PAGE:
CHRISTOPHER STEVENS reviews weekend TV: The only way to get close to a wolf… is to get eaten by one
Frozen Planet II
Wildlife presenter Ray Mears calls scenic nature documentaries “wallpaper.” If that’s his idea of drab home decor, he must live in a house with a solid gold refrigerator and silk tapestries instead of rugs.
The 58-year-old survival expert told an audience at the Henley Literary Festival that he was bored by the “endless coffee table shots of gannets diving into the sea”.
Personally, I’d rather listen to Sir David Attenborough describe real wallpaper than watch Ray on one of his nature hikes.
It’s nonsense to suggest that the spectacular ultra-high definition video footage of Frozen Planet II (BBC1) is just pretty pictures. The photography is so vivid and the filming techniques are so sophisticated that each segment reveals new behaviors – animal secrets that naturalists might never discover by looking through binoculars in the wild, Ray Mears style.
Wildlife presenter Ray Mears calls scenic nature documentaries “wallpaper.” If that’s his idea of dull home decor, he should live in a house with a solid gold refrigerator and silk tapestries underfoot instead of rugs.
Only a combination of ground camera crews and zoom lenses suspended from helicopters could track a grizzly bear hunting caribou across the Russian tundra, as we saw in a dramatic and brutal sequence.
The herd of caribou struggled to cross a fast-flowing river before the bear arrived to pick up an exhausted young. There’s nothing cuddly about a hungry Big Ted – the murder was merciless. If Ray Mears thinks it’s wallpaper, I don’t want him decorating my guest room.
The drama of a pack of wolves dispatching a herd of bison in a panic and working as a team to bring one down was equally compelling, and even bloodier.
Video footage is now so detailed we could see the blood on individual hairs around a wolf’s muzzle as she howled to summon the rest of her pack to the feast, in the vastness of Wood Buffalo National Park in Canada .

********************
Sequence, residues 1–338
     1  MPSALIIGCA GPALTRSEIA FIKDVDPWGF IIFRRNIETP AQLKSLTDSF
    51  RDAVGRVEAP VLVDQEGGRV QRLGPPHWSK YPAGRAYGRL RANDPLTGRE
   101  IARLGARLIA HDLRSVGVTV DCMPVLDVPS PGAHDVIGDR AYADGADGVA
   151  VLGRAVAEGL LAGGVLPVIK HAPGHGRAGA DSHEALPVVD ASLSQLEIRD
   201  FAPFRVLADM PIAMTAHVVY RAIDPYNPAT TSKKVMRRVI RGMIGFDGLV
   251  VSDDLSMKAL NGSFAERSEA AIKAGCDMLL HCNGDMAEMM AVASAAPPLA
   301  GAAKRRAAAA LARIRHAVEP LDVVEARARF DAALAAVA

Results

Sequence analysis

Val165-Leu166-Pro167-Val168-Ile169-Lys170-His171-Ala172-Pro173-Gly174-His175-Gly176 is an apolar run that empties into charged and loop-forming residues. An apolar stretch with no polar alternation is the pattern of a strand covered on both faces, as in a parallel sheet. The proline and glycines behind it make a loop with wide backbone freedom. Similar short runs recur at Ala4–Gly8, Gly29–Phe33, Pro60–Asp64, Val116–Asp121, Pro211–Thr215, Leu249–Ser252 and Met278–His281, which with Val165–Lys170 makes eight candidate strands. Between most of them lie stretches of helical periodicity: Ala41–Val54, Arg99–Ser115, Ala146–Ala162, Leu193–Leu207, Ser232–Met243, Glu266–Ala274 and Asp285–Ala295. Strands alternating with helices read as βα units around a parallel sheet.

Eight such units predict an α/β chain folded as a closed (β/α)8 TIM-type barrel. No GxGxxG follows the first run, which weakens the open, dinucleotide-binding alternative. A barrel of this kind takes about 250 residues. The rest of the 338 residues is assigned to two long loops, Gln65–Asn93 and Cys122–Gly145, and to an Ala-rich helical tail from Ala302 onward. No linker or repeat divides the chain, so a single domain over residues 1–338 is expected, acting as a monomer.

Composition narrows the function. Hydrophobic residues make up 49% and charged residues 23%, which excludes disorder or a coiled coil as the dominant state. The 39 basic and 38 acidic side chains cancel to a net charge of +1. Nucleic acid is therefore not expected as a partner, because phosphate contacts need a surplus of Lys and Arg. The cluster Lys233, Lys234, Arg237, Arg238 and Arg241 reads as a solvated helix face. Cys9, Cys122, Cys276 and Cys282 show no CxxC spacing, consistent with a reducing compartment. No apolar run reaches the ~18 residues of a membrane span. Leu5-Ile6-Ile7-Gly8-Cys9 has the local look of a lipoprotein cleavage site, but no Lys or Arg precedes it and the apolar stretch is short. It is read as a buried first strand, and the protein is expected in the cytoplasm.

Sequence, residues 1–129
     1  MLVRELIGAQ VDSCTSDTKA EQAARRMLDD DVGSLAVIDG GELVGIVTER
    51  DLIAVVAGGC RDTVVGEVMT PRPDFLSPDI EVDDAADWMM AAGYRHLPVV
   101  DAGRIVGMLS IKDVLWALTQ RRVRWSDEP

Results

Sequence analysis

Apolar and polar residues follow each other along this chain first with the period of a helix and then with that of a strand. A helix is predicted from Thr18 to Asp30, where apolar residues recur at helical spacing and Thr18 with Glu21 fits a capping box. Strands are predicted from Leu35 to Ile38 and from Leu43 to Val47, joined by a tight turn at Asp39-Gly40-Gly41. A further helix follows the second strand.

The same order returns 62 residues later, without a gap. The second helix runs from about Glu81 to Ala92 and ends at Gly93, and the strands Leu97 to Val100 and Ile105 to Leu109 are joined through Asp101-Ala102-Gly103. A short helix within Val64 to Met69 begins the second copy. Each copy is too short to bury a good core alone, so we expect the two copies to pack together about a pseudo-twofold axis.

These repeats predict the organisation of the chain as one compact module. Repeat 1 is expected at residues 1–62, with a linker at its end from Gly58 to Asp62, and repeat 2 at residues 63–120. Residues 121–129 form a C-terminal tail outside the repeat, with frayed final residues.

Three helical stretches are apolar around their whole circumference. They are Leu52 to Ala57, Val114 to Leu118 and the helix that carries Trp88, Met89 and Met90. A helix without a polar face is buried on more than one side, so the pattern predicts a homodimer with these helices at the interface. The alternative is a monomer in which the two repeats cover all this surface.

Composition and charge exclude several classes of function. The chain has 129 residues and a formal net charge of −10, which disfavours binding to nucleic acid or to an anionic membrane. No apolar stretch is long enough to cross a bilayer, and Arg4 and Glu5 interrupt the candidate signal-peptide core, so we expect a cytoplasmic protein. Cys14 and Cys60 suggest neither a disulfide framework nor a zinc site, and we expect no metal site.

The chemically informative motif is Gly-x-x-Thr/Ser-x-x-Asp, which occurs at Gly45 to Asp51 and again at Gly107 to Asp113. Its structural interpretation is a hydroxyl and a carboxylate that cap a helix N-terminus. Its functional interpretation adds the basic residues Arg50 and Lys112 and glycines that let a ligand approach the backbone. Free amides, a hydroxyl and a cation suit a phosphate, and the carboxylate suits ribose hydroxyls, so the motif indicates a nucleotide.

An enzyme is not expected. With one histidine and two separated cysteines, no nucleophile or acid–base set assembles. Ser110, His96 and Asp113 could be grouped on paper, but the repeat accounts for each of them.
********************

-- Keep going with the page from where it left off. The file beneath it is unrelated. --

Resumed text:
It’s nonsense to suggest that the spectacular ultra-high definition video footage of Frozen Planet II (BBC1) is just pretty pictures
We’re the first generation of viewers to have such a close experience of wolves hunting and feeding in the icy wilderness – unless you count a few unlucky Klondike gold diggers who got even closer, when they were eaten .
Other wonders included footage from motion-sensitive camera traps in the Siberian forest, showing Amur tigers and leopards. By overlapping the films, Frozen Planet II was able to prove for the first time that these big cats, both close to extinction, walk the same paths. . . even seeming to walk in each other’s paw prints.
None of this could be seen by a television presenter crouching in a hiding place. It takes considerable effort to bring together dozens of the world’s most experienced wildlife filmmakers and send them on missions that can last for years.
Of course, many of the photos are also surprisingly beautiful. This is because the most remote parts of the world still are. We should be grateful to see them. How someone who professes to love nature can find boredom is beyond me.
The teens aboard the gargantuan cruise ship Sacramentum are heading to remote locations in Wreck (BBC3), though many of them won’t live to bring back photos. This camp horror thriller is a little confused as to its identity. Mostly it wants to be a soap mystery, with lots of parties and romances among the young crew.
Every once in a while it becomes a fluffier Blair Witch project, with a serial killer in a disguised duck costume stalking the cabins.
And at odd moments it becomes supernatural, as the ghost of drowned artist Pippa (Jodie Tyack) materializes to watch her brother Jamie (Oscar Kennedy) as he tries to uncover the truth behind her death.
The result is a tangle of comedy, hugs and gore. A second series is already in production, so maybe it will improve.
Sweet success of the weekend: Jo Brand made a point of pronouncing Fruit Pastille to rhyme with Bastille, in The Secret World Of. . . Candy (C4). Everyone else, even the scientist who tested the recipe, said “pastel”. Maybe Jo is more of a Jelly Tots woman.